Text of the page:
Batch scanning may appear to be the only approach to large-scale conversion projects. However, some scanning projects might actually be done more productively by scanning individual documents. Here are a few elements to consider:
How important are precise page counts? If the number of pages per document must be tightly controlled, batch scanning may be simply impractical. In this scenario, document counts must be done by the scanner operators to assure that quantities are accurate.
Batch scanning page counts: If controls are not needed for each document’s pages, counting pages in fixed increments, such as every 25 pages, and comparing that quantity to the number of images scanned may be perfectly sufficient.
Who will do the work? Batch scanning implies document preparation performed as a separate function. This allows personnel to be specifically trained on the requirements of document separation, repair, categorization, etc. On the other hand, responsibility for the documents will lie with two separate groups or individuals instead of combined.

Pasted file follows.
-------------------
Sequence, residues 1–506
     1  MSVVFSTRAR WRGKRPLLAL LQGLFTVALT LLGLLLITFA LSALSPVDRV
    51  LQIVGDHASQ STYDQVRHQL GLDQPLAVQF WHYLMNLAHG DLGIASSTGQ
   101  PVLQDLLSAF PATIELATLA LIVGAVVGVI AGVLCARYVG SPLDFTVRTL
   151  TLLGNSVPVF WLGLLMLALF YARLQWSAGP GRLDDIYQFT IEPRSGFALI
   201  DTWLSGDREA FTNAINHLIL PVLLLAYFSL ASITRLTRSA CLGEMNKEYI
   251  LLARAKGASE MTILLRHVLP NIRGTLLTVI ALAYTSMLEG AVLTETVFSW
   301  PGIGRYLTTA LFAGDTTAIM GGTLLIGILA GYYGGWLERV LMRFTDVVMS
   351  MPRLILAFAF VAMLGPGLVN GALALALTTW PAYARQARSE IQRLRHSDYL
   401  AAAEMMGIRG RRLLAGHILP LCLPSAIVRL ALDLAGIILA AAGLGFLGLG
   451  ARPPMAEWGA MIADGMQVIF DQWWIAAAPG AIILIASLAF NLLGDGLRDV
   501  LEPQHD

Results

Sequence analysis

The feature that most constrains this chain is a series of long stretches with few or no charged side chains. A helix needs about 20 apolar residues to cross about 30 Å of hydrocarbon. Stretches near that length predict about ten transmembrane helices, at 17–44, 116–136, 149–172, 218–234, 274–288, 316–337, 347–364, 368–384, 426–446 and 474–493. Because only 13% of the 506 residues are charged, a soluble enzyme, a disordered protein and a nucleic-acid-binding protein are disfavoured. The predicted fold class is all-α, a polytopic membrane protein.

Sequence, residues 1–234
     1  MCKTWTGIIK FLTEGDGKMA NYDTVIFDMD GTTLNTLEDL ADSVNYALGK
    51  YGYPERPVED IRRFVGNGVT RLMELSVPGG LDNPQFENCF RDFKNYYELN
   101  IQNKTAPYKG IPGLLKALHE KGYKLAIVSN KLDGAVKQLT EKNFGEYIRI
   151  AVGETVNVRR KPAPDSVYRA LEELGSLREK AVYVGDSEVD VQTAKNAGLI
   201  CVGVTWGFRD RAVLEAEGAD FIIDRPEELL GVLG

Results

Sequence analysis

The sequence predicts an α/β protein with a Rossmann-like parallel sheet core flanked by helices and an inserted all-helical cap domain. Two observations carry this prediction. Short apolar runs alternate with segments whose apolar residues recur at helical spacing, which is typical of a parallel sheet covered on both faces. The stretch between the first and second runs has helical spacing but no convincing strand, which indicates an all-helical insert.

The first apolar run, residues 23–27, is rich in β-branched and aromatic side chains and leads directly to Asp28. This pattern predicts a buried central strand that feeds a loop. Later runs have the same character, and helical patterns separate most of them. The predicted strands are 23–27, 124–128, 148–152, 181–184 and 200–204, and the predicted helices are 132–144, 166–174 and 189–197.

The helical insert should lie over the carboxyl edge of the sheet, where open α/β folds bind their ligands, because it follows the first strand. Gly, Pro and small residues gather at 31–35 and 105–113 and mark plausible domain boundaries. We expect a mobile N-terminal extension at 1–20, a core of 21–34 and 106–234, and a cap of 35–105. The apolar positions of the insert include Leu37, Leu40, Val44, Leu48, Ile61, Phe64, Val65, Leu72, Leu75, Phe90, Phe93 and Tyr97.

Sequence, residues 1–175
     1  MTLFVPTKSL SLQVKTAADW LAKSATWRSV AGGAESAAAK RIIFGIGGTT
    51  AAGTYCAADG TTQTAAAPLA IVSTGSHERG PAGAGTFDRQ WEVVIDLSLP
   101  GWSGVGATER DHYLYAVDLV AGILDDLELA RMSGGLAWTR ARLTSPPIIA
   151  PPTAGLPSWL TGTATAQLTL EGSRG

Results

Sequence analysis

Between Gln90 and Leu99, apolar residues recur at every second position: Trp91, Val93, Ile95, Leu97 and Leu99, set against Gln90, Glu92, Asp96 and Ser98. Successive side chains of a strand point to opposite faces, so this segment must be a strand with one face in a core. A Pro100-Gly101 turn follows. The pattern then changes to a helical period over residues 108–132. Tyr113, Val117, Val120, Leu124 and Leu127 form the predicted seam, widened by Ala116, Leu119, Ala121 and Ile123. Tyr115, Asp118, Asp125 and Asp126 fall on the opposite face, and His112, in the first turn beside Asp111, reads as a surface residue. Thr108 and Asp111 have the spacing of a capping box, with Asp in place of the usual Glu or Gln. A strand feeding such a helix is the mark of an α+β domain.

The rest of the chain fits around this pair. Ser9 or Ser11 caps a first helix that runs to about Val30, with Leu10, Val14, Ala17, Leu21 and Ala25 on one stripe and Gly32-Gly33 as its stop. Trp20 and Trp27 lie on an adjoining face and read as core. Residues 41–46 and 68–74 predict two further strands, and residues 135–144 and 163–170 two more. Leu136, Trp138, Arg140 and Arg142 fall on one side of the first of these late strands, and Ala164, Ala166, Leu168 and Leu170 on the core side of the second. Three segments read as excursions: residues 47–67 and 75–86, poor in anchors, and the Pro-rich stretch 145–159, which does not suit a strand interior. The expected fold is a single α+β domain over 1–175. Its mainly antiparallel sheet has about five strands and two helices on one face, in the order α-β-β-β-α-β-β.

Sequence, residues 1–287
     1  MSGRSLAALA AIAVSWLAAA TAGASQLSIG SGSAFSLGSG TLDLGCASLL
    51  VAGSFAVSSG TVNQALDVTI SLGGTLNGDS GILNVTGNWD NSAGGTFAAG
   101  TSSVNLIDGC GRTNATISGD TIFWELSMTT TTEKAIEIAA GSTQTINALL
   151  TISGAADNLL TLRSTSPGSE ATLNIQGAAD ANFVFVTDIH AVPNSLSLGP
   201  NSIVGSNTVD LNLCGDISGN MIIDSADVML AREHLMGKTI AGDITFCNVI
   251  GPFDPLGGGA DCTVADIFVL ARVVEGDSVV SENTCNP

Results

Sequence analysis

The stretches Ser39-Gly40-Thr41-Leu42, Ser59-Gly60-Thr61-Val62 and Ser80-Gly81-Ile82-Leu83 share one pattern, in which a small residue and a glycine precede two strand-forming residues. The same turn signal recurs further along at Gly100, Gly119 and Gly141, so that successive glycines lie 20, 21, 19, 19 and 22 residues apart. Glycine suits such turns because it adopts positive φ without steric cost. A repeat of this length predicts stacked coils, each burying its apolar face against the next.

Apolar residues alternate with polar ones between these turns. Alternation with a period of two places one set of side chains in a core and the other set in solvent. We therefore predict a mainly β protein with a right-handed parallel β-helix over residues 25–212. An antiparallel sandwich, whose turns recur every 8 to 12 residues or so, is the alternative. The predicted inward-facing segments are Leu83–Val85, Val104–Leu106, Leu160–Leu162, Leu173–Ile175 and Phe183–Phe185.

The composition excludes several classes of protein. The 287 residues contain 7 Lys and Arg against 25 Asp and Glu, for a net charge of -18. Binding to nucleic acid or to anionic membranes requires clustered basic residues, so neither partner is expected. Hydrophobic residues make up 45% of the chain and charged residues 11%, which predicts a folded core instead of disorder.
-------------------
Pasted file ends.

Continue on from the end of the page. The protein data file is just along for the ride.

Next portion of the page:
What is the Quality Control plan? If physical pages have been counted and reconciled to the number of images scanned, will images also need to be inspected after scanning? Should inspection include physical pages compared to electronic images?
Are there performance standards? How many pages per day should be prepared, scanned and quality reviewed? How will quality performance be tracked? If regular staff does the data capture, what will be done if their performance falls short?
Anything else to consider? Of course…there’s lot’s more, but that’s why we’re in business; to provide expertise and efficiently convert documents at your site or ours.